Lavrov invites Kim to Russia after talks

Foreign Minister Sergei Lavrov has met North Korean leader Kim Jong Un in Pyongyang

Russian Foreign Minister Sergei Lavrov has met North Korean leader Kim Jong Un in Pyongyang and invited him to visit, moving to raise Moscow's profile in international efforts to ease tensions on the Korean peninsula.

Lavrov visited the secretive state for the first time since 2009, as North Korean and US officials met for a second day to prepare the ground for an historic summit on June 12 between US President Donald Trump and the North Korean leader.

Russia has appeared to be on the fringes of a flurry of diplomacy as Pyongyang and Washington edge towards talks aimed at ending years of tension over North Korea's nuclear program.

Lavrov on Thursday invited Kim him to visit Moscow.

"Come to Russia. We would be very happy to see you," Lavrov, seated across a table from Kim, said during a televised meeting.

He expressed Moscow's support for a declaration last month in which North and South Korea agreed to work for the denuclearisation of the peninsula.

He said Moscow hoped all sides would take a measured approach to possible forthcoming talks on a nuclear settlement.

"This will allow for the realisation not only of the denuclearisation of the whole Korean peninsula but also to provide sustainable peace and stability across north-east Asia," Lavrov was quoted as saying by his ministry.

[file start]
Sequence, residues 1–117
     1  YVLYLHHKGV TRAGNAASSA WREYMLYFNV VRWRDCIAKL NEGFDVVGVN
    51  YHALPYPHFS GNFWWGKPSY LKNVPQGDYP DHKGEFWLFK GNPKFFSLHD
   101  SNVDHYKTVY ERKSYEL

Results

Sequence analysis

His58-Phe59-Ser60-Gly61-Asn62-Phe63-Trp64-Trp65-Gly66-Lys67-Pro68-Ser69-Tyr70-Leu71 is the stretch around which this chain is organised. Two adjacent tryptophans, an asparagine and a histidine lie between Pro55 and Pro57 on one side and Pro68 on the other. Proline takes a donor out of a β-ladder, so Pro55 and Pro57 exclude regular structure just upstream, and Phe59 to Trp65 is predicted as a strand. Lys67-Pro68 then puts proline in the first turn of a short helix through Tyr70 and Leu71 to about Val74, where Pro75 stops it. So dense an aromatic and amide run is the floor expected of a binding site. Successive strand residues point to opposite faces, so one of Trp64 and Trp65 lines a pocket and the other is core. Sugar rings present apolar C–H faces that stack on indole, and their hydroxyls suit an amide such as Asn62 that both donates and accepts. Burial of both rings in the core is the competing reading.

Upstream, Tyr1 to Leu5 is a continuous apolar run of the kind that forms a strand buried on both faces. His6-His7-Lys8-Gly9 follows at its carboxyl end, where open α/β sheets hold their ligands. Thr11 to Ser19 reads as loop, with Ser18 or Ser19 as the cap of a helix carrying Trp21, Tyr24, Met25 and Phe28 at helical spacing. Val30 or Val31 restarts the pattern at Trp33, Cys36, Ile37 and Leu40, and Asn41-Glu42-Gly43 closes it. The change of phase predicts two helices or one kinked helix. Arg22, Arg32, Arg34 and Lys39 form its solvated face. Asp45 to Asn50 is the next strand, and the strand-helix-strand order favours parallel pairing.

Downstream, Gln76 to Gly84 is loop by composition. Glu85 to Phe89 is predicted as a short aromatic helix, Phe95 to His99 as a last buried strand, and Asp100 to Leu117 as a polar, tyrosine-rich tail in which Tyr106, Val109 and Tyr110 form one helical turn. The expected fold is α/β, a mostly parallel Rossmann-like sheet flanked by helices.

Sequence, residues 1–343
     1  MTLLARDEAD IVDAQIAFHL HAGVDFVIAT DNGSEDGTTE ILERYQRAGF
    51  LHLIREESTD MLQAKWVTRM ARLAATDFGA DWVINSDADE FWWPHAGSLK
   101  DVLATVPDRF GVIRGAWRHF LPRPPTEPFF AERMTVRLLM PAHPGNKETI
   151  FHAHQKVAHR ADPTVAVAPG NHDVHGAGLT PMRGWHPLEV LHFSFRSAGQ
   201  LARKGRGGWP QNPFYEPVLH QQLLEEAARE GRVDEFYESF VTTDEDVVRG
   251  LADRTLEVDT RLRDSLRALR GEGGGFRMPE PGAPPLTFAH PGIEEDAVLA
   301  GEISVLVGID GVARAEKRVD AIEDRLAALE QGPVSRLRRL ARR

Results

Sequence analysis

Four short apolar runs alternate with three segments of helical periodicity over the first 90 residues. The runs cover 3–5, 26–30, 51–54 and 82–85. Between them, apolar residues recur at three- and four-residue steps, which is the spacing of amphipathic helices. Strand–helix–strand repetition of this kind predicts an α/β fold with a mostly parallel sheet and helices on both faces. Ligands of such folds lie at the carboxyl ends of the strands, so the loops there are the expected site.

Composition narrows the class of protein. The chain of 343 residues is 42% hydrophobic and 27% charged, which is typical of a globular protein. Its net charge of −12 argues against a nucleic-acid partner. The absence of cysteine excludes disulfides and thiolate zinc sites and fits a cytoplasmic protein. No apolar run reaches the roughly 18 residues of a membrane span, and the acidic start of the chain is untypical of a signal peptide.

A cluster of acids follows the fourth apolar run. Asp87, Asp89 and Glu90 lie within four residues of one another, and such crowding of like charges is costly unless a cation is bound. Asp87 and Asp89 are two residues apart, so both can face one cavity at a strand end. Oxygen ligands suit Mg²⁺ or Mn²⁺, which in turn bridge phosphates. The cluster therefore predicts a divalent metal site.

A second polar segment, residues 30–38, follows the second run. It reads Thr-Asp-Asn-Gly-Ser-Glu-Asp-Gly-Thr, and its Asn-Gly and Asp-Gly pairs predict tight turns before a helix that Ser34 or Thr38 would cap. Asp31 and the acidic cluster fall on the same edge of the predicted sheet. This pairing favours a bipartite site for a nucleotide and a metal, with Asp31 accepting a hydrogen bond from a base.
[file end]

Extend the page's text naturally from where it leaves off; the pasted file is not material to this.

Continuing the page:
He added that Moscow is interested in implementing joint economic projects with Pyongyang and Seoul, including railway construction.

After leaving the meeting room, Lavrov gifted Kim a small handcrafted box, decorated with images of characters from popular Russian stories.

In a YouTube video posted by the Russian Foreign Ministry, Lavrov is seen telling Kim he hoped he liked the present.

When Kim opened the lid of the box, Lavrov added with a smile that there was small key to safeguard his secrets.

Kim's meeting with Lavrov was likely a move to try to secure Russia - along with China - as another powerful player that can push the United States to ease sanctions and make other concessions, said Anthony Rinna, a specialist in Korea-Russia relations at Sino-NK, a website that analyses the region.

In the short term, Moscow "cannot afford to be remembered as the country that had no hat in the ring leading up to June 12," he said.

In his first visit to North Korea since 2009, Lavrov also met with his North Korean counterpart, Ri Yong-ho.